While the C300 comes standard with a centralized infotainment screen, power tilt and telescope steering wheel and heated seats, you do need to add an option package (or two) if you want extras like heated steering wheel, power tailgate or navigation. Luckily, all that save the heated wheel comes as part of the $5,000 Premium Package, which also adds keyless-go, panoramic sunroof and LED lights. The heated wheel on our tester, meanwhile, is a $250 option that works well and is worth the cost outlay. We also had the $2,300 Premium Plus package which adds nifty stuff like active park assist, foot-activated rear tailgate (making the C300 wagon even easier to load), 360-degree camera and a few other bells and whistles. While I’d say the Premium Package is a must and will likely be ordered by most C300 Wagon buyers, the Premium Plus is a bit extraneous in my opinion, and if skipped, will bring the MSRP closer to 50 grand; even closer still if you skip the $875 satellite radio option we had.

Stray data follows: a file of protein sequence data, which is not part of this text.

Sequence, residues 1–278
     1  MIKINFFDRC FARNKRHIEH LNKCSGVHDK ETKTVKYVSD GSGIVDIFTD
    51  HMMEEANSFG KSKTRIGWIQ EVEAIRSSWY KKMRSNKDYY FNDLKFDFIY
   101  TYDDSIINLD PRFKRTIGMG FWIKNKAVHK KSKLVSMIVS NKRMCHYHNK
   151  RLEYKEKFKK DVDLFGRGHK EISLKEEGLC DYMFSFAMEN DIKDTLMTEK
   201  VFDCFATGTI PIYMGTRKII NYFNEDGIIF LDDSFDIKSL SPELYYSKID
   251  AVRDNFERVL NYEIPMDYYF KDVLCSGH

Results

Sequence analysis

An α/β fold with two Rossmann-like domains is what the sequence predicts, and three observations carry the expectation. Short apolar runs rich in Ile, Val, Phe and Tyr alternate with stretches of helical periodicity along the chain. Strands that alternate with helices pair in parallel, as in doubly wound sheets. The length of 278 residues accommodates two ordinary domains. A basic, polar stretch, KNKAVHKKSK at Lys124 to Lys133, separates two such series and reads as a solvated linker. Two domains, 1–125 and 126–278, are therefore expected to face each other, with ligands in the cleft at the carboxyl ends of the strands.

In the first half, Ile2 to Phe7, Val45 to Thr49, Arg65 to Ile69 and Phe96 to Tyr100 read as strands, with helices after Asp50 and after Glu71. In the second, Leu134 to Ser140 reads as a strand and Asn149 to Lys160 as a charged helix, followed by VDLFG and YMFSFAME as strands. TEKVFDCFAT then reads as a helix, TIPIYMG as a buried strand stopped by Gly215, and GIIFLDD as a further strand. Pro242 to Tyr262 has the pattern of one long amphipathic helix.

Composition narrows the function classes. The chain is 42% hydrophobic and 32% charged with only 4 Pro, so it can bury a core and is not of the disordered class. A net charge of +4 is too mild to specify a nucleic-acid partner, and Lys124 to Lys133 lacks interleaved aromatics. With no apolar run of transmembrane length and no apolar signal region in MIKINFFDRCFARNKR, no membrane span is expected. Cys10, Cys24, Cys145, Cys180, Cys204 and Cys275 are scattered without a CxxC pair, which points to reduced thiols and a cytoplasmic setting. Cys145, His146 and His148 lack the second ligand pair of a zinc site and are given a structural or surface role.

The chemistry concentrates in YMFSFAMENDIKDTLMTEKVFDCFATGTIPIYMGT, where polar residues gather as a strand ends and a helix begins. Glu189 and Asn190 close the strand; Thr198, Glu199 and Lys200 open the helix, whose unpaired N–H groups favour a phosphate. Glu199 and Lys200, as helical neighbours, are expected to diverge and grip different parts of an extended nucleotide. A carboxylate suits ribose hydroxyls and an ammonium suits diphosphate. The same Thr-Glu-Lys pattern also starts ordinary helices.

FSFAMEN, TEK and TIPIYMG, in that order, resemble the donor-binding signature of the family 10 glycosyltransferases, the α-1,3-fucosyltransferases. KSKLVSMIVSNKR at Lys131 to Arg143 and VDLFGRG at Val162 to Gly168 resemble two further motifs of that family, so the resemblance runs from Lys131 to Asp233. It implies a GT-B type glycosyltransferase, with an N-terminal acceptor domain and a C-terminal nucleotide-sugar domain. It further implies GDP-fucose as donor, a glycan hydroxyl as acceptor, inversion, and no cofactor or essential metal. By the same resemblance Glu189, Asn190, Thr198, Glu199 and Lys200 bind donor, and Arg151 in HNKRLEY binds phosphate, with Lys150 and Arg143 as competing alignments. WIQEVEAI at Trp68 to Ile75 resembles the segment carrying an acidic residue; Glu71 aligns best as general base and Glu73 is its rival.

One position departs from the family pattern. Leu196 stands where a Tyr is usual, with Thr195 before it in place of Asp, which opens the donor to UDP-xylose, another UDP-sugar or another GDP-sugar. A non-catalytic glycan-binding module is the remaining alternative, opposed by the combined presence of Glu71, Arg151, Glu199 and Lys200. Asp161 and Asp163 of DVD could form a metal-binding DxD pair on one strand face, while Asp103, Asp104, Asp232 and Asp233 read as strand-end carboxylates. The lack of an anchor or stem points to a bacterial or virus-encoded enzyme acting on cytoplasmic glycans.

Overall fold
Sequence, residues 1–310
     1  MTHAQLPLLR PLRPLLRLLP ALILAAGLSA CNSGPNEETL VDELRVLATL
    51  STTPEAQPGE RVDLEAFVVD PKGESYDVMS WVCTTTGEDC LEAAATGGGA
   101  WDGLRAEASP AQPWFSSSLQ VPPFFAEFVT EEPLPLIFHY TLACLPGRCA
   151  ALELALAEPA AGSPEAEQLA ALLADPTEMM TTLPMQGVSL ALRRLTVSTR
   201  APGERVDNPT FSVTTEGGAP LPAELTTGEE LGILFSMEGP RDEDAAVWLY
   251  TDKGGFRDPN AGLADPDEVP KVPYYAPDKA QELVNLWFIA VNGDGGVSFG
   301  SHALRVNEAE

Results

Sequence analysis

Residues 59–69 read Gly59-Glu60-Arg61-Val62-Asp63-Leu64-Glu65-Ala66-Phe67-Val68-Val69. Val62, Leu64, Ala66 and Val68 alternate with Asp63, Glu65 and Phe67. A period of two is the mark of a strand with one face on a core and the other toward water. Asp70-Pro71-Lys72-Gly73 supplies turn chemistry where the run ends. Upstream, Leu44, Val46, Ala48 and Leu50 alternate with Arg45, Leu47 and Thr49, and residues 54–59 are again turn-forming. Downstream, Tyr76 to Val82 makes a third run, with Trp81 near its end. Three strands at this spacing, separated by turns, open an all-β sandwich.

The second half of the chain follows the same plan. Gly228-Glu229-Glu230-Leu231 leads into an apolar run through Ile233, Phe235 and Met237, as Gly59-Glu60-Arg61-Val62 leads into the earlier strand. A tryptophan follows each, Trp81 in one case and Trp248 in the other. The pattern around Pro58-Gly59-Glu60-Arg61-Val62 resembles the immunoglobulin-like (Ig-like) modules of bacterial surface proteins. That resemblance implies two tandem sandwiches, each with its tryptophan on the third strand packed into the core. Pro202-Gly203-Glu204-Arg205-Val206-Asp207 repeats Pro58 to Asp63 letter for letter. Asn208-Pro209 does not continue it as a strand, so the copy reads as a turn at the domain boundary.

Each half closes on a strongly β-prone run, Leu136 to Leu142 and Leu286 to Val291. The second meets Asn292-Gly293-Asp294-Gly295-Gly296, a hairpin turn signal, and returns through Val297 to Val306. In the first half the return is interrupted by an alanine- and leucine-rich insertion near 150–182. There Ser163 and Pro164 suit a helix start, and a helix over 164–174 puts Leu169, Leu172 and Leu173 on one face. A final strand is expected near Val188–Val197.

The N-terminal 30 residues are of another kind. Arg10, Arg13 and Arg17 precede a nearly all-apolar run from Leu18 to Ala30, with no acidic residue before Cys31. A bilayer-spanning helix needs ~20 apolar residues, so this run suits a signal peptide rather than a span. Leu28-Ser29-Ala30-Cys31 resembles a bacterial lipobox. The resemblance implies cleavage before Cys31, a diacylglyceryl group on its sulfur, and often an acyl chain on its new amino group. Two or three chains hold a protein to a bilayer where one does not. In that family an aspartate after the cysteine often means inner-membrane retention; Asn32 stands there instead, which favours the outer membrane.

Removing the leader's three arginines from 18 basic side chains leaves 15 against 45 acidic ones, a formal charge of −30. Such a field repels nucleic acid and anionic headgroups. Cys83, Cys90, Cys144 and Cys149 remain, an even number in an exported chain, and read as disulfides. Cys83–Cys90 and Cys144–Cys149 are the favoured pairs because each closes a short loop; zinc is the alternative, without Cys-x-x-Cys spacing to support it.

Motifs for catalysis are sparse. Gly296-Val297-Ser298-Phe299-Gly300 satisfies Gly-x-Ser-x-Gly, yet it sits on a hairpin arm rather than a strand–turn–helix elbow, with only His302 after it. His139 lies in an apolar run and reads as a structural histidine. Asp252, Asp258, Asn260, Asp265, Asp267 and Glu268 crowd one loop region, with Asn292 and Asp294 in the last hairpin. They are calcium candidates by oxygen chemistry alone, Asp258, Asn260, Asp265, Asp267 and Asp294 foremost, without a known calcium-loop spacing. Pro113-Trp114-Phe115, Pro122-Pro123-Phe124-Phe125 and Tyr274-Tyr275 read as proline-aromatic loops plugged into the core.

Now, while the tech on offer is robust, I have a little more trouble with the way it’s all accessed. The central controller is made up of both a scroll wheel and touchpad and while you think this would make it way more intuitive, the way the menus are laid out in Mercedes Benz models has frustrated me for years and continues to do so here. It just seems to me that there are too many redundancies surrounding where you have to click and how often, an issue made even clearer by the fact you have two controllers that kind of do the same thing. Just changing the AM radio band took me five minutes as there are no redundant seek buttons, and no “seek” or “tune” buttons on-screen. I eventually found something but, going back to it again, I couldn’t remember what I’d done and had to go through it all over again. Annoying.